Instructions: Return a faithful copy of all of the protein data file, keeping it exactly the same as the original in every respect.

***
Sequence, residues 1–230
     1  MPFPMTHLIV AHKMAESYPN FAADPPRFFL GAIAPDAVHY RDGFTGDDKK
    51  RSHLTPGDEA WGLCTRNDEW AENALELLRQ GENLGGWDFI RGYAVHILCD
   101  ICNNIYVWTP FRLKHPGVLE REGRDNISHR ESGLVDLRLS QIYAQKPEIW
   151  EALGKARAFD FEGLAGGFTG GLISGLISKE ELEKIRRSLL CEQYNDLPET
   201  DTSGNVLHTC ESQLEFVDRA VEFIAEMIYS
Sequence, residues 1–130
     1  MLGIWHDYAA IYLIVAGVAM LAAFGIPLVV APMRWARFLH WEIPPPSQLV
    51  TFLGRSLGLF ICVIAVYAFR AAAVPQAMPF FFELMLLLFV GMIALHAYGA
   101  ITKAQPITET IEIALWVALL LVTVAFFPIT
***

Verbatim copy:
Sequence, residues 1–230
     1  MPFPMTHLIV AHKMAESYPN FAADPPRFFL GAIAPDAVHY RDGFTGDDKK
    51  RSHLTPGDEA WGLCTRNDEW AENALELLRQ GENLGGWDFI RGYAVHILCD
   101  ICNNIYVWTP FRLKHPGVLE REGRDNISHR ESGLVDLRLS QIYAQKPEIW
   151  EALGKARAFD FEGLAGGFTG GLISGLISKE ELEKIRRSLL CEQYNDLPET
   201  DTSGNVLHTC ESQLEFVDRA VEFIAEMIYS
Sequence, residues 1–130
     1  MLGIWHDYAA IYLIVAGVAM LAAFGIPLVV APMRWARFLH WEIPPPSQLV
    51  TFLGRSLGLF ICVIAVYAFR AAAVPQAMPF FFELMLLLFV GMIALHAYGA
   101  ITKAQPITET IEIALWVALL LVTVAFFPIT